• Mastitis – if an infection causes pain within the breast, the woman may have a fever, feel ill (malaise), some breast swelling and tenderness, and the painful area may feel warm. There may be redness. The pain is usually described as a burning sensation. For lactating mothers, the pain is more intense while breastfeeding.
  • Extramammary breast pain – one that feels as if the source is within the breast, but it is elsewhere. Sometimes called “referred pain.” This may occur in some chest wall syndromes, such as costochondritis (inflammation where the rib and the cartilage meet).

These include sudden extreme pain or tenderness, changes in skin inflammation or redness, unexplained lumps or bumps on the breast/s, and any type of fluid discharge from your nipples. In addition, certain lifestyle factors can increase your risk of experiencing burning pain in the breasts, such as smoking and excessive alcohol consumption, being overweight or obese, having large breasts due to a hormone imbalance or genetics, etc.

Diagnosing breast pain

If a woman is pre-menopausal, the doctor will try to determine whether the breast pain might be cyclical.

The doctor will probably ask:

  • How much caffeine she consumes.
  • Where within the breasts the pain is.
  • Whether both breasts are painful.
  • Whether she is a smoker.
  • Whether she is on any medication or the combined contraceptive pill.
  • Whether she might be pregnant.
  • Whether there are any other symptoms, such as nipple discharge or a lump.

The doctor will listen to the patient’s lungs and heart and also check her chest and abdomen to rule out other possible conditions and illnesses.

breast consultationThe doctor may also conduct a clinical breast exam to determine whether there are any lumps, changes in nipple appearance, or nipple discharge. The lymph nodes in the lower neck and armpit will also be checked to determine whether they are swollen or tender to the touch.

If a breast lump or unusual thickening of an area of tissue is detected, or a specific area of breast tissue is particularly painful, the doctor may order further tests:

  • Mammogram — an X-ray exam of the breast.
  • Ultrasound scan — sound waves produce images of the breasts. Even if the mammography does not detect anything, an ultrasound scan is usually done as well.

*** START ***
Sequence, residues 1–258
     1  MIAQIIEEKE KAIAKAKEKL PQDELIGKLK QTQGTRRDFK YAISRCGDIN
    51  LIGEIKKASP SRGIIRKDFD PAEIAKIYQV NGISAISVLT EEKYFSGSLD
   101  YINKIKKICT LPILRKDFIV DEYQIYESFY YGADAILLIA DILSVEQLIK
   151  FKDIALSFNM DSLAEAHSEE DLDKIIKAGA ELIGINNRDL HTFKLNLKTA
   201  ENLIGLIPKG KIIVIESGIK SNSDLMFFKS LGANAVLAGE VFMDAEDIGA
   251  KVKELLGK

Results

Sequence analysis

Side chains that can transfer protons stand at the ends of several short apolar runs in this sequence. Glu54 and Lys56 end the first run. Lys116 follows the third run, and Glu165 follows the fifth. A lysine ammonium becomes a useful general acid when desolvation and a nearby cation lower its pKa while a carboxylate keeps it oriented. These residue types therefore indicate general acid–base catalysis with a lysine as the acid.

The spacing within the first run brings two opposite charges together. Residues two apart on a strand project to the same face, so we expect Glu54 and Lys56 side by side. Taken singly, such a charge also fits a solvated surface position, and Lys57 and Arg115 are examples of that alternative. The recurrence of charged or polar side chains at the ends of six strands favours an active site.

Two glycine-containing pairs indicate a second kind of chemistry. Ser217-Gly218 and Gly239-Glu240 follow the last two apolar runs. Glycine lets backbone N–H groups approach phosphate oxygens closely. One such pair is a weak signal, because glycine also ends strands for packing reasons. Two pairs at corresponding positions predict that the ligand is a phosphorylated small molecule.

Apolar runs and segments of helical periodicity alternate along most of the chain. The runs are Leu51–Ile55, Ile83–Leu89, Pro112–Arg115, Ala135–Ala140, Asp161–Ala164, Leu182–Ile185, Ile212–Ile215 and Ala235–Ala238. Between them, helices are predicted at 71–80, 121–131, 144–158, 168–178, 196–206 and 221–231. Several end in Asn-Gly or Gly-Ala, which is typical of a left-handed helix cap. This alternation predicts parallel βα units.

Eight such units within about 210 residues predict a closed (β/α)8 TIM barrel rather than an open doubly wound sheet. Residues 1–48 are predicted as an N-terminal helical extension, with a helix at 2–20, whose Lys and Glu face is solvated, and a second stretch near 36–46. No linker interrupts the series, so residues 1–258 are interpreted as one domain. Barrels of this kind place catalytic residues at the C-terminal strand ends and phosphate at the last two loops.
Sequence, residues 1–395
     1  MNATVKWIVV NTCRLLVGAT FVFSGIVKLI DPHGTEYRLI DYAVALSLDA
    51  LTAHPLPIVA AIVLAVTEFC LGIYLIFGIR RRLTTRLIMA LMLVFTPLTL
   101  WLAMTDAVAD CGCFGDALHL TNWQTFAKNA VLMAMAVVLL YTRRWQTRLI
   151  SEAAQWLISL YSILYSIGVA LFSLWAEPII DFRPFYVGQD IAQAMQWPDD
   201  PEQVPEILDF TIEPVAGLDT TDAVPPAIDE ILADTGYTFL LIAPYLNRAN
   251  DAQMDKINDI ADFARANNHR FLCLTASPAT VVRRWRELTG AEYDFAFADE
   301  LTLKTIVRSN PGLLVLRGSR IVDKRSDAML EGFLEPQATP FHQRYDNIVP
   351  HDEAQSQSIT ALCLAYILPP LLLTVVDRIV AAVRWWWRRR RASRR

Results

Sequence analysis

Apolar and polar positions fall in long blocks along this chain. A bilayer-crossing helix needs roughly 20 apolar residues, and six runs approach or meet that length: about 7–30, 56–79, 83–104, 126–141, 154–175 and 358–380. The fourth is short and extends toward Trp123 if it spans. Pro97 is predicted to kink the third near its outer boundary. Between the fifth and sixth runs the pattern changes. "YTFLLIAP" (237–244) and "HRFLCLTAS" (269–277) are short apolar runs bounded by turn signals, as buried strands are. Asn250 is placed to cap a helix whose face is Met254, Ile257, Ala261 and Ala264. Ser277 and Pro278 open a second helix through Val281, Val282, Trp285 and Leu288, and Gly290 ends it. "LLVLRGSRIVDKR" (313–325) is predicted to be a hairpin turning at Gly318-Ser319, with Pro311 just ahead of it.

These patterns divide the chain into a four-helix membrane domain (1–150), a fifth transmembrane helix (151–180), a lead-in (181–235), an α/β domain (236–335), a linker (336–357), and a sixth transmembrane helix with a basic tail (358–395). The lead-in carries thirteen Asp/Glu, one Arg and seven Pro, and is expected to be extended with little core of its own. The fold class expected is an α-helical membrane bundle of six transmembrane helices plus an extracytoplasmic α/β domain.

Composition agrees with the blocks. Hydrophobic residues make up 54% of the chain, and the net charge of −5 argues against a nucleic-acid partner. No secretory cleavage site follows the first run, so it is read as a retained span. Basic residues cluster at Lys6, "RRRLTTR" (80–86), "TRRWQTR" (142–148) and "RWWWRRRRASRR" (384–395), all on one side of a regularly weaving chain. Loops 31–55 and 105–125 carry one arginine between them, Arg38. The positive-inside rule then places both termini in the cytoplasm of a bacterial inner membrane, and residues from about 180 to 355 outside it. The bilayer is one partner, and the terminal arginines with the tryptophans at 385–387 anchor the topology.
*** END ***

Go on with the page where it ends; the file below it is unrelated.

• Breast biopsy — if anything suspicious is detected, the doctor will surgically remove a small sample of breast tissue and send it to the laboratory for analysis.

The patient may be asked to complete a breast pain chart, which can be used to confirm the diagnosis and help the doctor decide on the best therapy.

Treatment Options Available

Depending on what exactly is causing your breast-related burning sensation, there are various treatment options available to address the issue. Your doctor may recommend anti-inflammatory medications to reduce breast inflammation and tenderness, hormone therapy such as oral contraceptives, and other medications that target specific breeds disorders like mastitis, etc. You may also need additional treatments like X-rays and mammograms to assess any underlying issues causing your symptoms properly. Additionally, lifestyle changes like increasing exercise/working out regularly could help reduce stress levels which could at least minimize any painful sensations caused by hormonal imbalances or overloads.

Complications of breast pain

Because there are so many potential reasons for breast tenderness, complications depend on the specific causes. In many cases, there are no complications.

When to see a doctor

You should see your doctor if:

  • One or both breasts change in size or shape.
  • There is a discharge from either nipple.
  • There is a rash around the nipple.
  • There is a dimpling on the skin of the breasts.
  • You feel a lump or swelling in one of your armpits.
  • You feel pain in your armpits or breast that is not related to your menstrual cycle.
  • You notice a change in how your nipple looks.
  • You notice an area of thickened tissue or a lump in your breast

Final Words

While burning pain in the breasts can be scary and uncomfortable at times – don’t forget that many other women experience this symptom too! Make sure you keep consulting regularly with your healthcare provider about your condition so that together you can come up with effective strategies for managing it correctly long-term.









Read previous post:
Canker sores are painful. Pain relievers can help alleviate discomfort.
DenTek Canker Cover Review For Sores

DenTek canker cover review may help other people see if the product works. However, the product's effects may differ from...